We should not be bailing anyone out, PERIOD. Actions have consequences. Success is measured by failure. Banks, companies, and homeowners must be allowed to fail. To block them from doing so is to create more damage to the system than what the natural rise and fall would allow. Let Citigroup go out of business. Allow GM to close up shop. Boot defaulting homeowners out of their homes. This is the real world. Investors and entrepreneurs would eagerly replace failed companies if the rules didn't change each day and if they weren't taxed into oblivion. I hated Bush's bailout. Obama said he would change things, and he did so by making the bailouts bigger. I cannot tell the difference between the two parties anymore. I will vote against anyone in the next election who supported these bailouts regardless of party.

Because of all the market manipulation, it makes it even harder to actually buy a house. Sellers around here (Maryland) got wind of the tax credit and increased their prices or stopped negotiating. Lenders and realtors are tacking on junk fees where ever they can. These bailout and modification plans aren't helping.
Feb 22, 2009 at 1:40 AM | Unregistered CommenterBigDragon

"Plainly that is an asinine statement."

Rebuttal please. Talk about the pot calling the kettle black.

"... what is not debatable is the bogus idea suggested by Mr. Santelli that the prospective recipients of Federal assistance are, in the main, bad actors, perpetrators of fraud, or some other sort of illegality."

Fail! Everything is debatable and, furthermore, this has never been Mr. Santelli's position. Nice straw man though. We would have to seek additional evidence from agencies like the FBI to determine if "the prospective recipients of Federal assistance are, in the main, bad actors, perpetrators of fraud, or some other sort of illegality." This is entirely possible and should be taken into consideration on a case by case basis before any taxpayer money is doled out or contract law broken. One size does not fit all.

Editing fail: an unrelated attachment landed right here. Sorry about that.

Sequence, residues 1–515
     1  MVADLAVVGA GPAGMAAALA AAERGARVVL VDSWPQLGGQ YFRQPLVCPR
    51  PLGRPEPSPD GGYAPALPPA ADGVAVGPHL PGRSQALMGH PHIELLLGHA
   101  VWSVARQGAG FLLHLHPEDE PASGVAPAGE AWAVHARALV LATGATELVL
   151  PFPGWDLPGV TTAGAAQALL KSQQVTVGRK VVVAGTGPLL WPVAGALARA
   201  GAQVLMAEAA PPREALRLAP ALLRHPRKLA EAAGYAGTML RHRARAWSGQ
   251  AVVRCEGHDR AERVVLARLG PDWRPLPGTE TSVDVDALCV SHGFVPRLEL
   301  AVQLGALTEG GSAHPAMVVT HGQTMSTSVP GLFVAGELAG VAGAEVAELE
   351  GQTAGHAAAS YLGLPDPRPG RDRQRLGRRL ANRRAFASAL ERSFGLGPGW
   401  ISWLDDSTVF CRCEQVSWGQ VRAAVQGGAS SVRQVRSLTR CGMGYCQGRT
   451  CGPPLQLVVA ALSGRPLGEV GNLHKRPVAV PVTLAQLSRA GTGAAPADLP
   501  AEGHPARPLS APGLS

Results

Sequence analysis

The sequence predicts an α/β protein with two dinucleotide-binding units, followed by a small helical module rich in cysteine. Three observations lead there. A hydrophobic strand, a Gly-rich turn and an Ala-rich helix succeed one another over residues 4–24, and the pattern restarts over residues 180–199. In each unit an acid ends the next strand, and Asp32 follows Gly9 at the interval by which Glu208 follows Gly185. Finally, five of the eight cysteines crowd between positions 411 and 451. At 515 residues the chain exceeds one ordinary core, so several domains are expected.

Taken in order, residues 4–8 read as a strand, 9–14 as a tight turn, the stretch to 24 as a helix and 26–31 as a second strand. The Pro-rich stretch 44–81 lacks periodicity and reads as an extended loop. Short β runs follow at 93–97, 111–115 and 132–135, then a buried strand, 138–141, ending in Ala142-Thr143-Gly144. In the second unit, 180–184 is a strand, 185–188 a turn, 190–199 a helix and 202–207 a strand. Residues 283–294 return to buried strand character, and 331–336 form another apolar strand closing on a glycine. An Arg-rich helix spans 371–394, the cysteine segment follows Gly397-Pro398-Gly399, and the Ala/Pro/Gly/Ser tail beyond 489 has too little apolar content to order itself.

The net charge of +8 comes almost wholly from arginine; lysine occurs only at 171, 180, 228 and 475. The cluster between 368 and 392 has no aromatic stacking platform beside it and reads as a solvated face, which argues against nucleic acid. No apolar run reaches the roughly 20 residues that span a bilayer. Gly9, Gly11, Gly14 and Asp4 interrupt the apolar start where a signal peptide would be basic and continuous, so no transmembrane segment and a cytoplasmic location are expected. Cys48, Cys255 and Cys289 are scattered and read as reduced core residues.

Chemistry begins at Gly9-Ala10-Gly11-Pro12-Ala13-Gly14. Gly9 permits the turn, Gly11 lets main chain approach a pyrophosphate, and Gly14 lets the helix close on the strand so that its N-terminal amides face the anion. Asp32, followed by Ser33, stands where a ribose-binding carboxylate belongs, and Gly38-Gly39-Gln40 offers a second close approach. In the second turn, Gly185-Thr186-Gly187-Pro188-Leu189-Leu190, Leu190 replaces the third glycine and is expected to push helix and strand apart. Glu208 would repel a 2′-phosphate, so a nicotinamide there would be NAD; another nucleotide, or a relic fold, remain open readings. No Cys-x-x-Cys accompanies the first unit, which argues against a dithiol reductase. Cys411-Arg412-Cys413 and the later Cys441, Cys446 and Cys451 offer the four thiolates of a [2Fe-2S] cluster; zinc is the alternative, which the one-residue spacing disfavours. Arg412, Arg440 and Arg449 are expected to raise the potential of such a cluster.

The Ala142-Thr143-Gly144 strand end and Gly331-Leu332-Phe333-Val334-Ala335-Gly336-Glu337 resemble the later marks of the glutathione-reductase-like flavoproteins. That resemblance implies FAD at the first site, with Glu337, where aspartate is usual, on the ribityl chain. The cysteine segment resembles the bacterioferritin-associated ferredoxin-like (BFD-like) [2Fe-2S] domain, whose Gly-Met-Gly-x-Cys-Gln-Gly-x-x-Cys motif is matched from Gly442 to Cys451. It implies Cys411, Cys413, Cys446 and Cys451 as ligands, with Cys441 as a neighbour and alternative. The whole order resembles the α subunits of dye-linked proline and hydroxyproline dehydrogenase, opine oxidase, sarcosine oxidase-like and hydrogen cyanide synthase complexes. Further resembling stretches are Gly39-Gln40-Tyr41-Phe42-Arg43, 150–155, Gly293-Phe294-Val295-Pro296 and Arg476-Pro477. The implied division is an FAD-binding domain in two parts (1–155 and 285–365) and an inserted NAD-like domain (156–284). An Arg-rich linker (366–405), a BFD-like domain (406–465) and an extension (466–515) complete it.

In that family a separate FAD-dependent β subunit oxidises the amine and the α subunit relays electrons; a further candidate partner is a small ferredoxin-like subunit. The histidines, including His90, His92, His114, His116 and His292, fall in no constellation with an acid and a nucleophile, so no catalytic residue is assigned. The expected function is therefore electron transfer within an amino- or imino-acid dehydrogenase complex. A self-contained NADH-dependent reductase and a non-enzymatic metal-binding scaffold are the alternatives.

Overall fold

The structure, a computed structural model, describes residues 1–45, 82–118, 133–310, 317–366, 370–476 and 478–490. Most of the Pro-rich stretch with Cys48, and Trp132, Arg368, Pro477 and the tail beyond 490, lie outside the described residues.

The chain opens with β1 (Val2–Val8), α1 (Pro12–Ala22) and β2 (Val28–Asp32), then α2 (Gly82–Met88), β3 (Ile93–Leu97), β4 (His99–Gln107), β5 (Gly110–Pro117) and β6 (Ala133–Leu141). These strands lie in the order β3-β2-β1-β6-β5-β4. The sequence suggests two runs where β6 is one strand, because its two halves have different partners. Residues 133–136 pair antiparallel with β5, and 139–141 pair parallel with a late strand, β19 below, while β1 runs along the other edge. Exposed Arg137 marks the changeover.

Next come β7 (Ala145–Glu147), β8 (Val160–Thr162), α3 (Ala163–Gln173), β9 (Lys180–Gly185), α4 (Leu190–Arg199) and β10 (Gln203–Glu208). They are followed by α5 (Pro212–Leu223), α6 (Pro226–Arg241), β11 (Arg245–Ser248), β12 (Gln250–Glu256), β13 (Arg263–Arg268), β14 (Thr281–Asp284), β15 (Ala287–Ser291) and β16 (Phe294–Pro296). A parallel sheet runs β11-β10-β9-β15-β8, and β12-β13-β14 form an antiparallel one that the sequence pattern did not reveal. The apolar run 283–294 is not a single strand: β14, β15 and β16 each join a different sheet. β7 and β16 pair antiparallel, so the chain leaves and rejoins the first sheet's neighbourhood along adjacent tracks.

As much as I dislike CNBC, this was a great piece. Kudlow and Santelli were class acts. Kudlow raises some very good points, such as free speech, freedom of the press, respect, bullying, reaction to criticism. Gentlemen, you have now earned my increased respect and congratulations.
Feb 23, 2009 at 2:24 PM | Unregistered Commenterspideydouble

I agree with your post 100%. Your thoughts are my thoughts. Thanks for articulating them better than I could.
Feb 23, 2009 at 2:32 PM | Unregistered Commenterspideydouble
I don't like Obama administration reaction. Surprise! Someone disagree with Obama! How dare are you?! We got real problems in White House.
Feb 23, 2009 at 8:48 PM | Unregistered CommenterSergei
CNBC simply plays to their audience...which is very very small. Let's guess about 1 million traders investors, people that watch everyday? one million is fair. But this country is what, 250 million? CNBC is simply doing the smart thing...playing to their audience. there is very little real debate on CNBC. It is very similar to Fox news.
Feb 27, 2009 at 12:51 PM | Unregistered Commentereddy